There’s so much to know about credit, but most consumers are only concerned about their three-digit score. And for a valid reason; the lower the score, the more difficult it is to qualify for the most competitive loan products.
We’ve seen many different credit monitoring services offer different types of scores, but how do you know which one to use? What does it all mean?
Let’s take a closer look at the different types of credit scoring models, along with alternatives for those who do not have a traditional credit score.
FICO Score 8
The original FICO score was developed by the Fair Issac Credit Corporation and introduced to the public in 1989. It is used by 90 percent of creditors to make lending decisions, making it the most popular scoring model on the market.
Scores range from 300 to 850, and the three credit bureaus use a unique algorithm to generate your score. The following components are included in your FICO score:
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- Payment History (35%)
- Amounts Owed (30%)
- Length of Credit History (15%)
- New Credit (10%)
- Types of Credit (10%)
Variations of the FICO score are also used in auto lending, credit card and mortgage lending decisions. To access your FICO score free of charge, visit www.annualcreditreport.com.
This credit scoring model, which was introduced in March 2006, is ideal for individuals who are unable to retrieve their score under the traditional FICO model. According to the website, approximately 30 to 35 million more consumers have been able to receive credit scores.
Scores range from 300 to 850, with a focus on consistency across the three credit bureaus, and consumers are also granted a letter grade that reflects their creditworthiness.
This scoring model considers the following factors:
- Payment history- Extremely influential
- Age and type of credit, Percentage of credit limit used- Highly influential
- Total balances/debt- Moderately influential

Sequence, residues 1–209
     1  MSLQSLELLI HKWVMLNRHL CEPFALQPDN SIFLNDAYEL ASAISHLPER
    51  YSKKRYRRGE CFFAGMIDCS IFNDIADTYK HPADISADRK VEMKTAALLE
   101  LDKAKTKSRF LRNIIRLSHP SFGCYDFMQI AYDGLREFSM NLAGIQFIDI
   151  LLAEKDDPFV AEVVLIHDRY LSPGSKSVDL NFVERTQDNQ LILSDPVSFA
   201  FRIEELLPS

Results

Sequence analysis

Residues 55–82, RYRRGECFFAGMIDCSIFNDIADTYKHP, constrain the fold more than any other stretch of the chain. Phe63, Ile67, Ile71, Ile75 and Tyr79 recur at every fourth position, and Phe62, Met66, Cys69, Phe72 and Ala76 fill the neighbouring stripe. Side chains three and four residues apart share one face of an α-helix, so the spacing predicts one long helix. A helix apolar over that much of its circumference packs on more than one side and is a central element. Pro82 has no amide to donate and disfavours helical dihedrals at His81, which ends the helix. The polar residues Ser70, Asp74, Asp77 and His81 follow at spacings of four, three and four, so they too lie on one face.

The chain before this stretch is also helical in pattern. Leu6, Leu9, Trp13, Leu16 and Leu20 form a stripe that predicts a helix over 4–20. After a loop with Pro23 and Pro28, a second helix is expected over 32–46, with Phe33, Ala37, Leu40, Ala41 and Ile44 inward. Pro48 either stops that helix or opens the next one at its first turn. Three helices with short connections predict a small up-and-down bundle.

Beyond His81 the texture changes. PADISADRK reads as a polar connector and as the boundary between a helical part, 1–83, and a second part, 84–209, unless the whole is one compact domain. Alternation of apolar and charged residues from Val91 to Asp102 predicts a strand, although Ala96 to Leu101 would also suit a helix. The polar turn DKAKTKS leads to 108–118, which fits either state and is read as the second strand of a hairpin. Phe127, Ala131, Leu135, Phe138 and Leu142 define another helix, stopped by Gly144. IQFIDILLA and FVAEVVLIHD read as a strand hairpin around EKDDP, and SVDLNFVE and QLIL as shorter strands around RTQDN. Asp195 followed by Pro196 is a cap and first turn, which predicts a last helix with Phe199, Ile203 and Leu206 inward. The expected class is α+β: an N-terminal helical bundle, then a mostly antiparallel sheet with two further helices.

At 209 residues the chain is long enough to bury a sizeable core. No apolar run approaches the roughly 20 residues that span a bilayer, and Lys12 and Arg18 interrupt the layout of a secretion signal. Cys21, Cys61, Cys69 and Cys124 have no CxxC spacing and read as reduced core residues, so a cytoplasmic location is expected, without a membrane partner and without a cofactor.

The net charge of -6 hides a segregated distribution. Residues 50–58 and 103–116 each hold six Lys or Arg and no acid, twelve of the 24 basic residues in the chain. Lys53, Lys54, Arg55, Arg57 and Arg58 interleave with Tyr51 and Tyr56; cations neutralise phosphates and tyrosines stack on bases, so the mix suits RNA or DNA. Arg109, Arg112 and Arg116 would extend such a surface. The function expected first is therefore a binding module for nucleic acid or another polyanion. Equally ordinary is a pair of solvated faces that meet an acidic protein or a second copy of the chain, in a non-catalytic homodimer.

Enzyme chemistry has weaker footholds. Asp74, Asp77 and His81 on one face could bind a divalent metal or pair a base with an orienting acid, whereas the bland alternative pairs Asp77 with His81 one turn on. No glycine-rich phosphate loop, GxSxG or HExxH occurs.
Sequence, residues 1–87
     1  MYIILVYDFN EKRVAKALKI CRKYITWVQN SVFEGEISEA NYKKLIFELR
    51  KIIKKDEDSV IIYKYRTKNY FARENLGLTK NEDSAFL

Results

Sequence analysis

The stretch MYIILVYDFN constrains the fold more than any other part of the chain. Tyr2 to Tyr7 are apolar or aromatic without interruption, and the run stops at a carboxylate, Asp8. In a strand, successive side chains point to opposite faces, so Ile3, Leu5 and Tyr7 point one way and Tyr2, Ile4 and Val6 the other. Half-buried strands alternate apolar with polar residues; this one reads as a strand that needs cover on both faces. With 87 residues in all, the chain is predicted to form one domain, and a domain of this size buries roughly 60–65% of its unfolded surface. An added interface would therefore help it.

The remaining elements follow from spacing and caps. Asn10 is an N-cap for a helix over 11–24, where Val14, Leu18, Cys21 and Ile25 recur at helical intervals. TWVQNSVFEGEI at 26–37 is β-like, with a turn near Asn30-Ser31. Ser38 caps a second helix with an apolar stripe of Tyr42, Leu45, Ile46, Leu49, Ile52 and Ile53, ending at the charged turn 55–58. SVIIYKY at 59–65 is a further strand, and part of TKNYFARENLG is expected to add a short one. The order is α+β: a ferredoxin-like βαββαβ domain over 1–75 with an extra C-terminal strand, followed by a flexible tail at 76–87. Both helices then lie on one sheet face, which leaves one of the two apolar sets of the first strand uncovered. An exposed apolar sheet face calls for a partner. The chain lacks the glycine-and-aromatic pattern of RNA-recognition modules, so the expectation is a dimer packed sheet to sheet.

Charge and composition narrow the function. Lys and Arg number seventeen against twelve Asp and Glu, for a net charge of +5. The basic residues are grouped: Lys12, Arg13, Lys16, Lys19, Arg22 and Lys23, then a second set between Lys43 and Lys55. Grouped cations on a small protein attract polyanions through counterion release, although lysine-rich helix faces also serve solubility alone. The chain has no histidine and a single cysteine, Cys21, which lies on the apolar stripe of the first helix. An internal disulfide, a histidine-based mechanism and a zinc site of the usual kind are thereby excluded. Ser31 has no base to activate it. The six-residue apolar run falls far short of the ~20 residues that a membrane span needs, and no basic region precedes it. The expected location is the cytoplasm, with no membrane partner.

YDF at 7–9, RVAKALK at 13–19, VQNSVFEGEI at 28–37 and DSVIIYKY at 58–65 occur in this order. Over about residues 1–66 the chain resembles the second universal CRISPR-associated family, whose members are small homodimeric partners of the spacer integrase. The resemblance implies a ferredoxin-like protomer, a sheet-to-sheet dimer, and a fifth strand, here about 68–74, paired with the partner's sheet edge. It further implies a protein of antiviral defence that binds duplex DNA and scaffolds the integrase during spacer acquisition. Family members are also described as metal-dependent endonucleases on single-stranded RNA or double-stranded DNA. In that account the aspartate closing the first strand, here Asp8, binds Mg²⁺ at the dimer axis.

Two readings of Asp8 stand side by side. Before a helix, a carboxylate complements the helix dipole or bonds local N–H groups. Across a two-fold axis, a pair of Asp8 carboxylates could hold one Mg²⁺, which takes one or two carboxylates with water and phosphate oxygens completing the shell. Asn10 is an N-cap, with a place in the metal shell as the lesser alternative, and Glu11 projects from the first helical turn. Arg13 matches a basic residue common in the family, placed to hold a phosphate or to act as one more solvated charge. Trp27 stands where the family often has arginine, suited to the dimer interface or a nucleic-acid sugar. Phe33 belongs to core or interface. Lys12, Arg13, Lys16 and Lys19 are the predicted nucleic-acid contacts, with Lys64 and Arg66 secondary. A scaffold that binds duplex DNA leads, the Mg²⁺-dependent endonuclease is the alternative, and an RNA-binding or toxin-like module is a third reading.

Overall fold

- Recent credit behavior and inquiries, Available credit- Less influential
The VantageScore 3.0 currently serves the Bankcard, Real Estate and Auto industry.
Another major benefit: the omission of collection accounts that have been settled or paid in full. This is a big deal for consumers who are trying to get back on track, but continue to be plagued by negative marks that affect their FICO score for at least 7 years.
Under this model, consumers are scored based on factors not considered by traditional credit scoring models. These include, but are not limited to, payment history from cable, insurance, rent utility and cell phone providers. It is ideal for credit newbies and those with less than stellar credit.
In lieu of a three-digit score, consumers receive a letter grade to help lenders gauge their creditworthiness. Most importantly, the credit grade and accompanying report only includes account information that you want creditors to see.
To receive your eCredable score, you will need to enter the account information and verify the data so the accuracy of the information can be confirmed. And if you’d like to take a peek at what your rating may be under this credit scoring model before subscribing, there is an Estimator tool on the website to help you do so.
With the “humanization of credit” at the forefront of their mission, Happy Mango is a simplified credit scoring model that helps you track your financial health, improve your credit rating and access loan products. Information for your credit profile is extracted from transaction data found in your financial accounts. It is geared towards consumers who may be new to the credit world, but are able to effectively manage their finances and cash flow.
You can access your Happy Mango Score by visiting their website and creating a profile.
Evaluating Credit Scoring Models
Prior to using any of these models to gauge your credit rating, check the entity’s reputation with the Better Business Bureaus to confirm they are reputable. If they’ve received a poor rating, that’s your queue to move on.
Finally, keep in mind that select lenders and insurers may determine your creditworthiness using the contents of your credit profile, and not your. Therefore, it’s imperative to practice sound debt-management. This includes, but is not limited to only borrowing as much as you can afford to repay and making timely payments each month. And don’t forget to routinely check your credit report to confirm the accuracy of the information listed.